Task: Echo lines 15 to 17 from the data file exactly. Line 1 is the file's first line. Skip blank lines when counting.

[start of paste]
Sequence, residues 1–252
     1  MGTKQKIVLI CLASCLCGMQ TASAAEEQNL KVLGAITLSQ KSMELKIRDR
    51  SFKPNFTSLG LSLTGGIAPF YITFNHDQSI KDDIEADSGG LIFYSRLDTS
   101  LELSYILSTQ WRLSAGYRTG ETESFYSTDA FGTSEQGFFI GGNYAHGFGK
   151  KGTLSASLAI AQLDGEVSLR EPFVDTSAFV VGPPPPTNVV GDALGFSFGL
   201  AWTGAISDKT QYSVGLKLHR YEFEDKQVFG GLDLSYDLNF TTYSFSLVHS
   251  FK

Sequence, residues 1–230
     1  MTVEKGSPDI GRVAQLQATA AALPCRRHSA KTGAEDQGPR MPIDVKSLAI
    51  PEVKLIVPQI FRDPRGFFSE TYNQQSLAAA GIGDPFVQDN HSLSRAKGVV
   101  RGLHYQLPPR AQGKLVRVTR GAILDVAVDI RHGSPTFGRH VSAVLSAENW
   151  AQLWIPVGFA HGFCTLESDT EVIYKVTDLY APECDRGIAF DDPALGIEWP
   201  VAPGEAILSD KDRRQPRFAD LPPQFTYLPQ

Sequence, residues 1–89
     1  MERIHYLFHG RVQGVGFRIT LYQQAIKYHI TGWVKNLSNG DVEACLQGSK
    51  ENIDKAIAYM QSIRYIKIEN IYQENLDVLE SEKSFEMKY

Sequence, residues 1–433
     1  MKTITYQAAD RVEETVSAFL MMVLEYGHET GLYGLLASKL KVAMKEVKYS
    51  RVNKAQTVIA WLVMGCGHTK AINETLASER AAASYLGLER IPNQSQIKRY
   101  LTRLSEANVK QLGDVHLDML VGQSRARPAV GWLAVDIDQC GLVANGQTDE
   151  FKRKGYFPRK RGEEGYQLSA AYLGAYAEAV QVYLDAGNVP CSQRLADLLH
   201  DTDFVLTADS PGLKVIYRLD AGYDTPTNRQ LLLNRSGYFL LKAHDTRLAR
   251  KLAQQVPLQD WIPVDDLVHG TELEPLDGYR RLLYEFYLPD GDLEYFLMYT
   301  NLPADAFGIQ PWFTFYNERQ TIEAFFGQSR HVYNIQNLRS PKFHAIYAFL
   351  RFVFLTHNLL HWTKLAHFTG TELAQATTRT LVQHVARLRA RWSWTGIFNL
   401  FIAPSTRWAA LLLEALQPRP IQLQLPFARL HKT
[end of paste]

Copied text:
     1  MERIHYLFHG RVQGVGFRIT LYQQAIKYHI TGWVKNLSNG DVEACLQGSK
    51  ENIDKAIAYM QSIRYIKIEN IYQENLDVLE SEKSFEMKY

Sequence, residues 1–433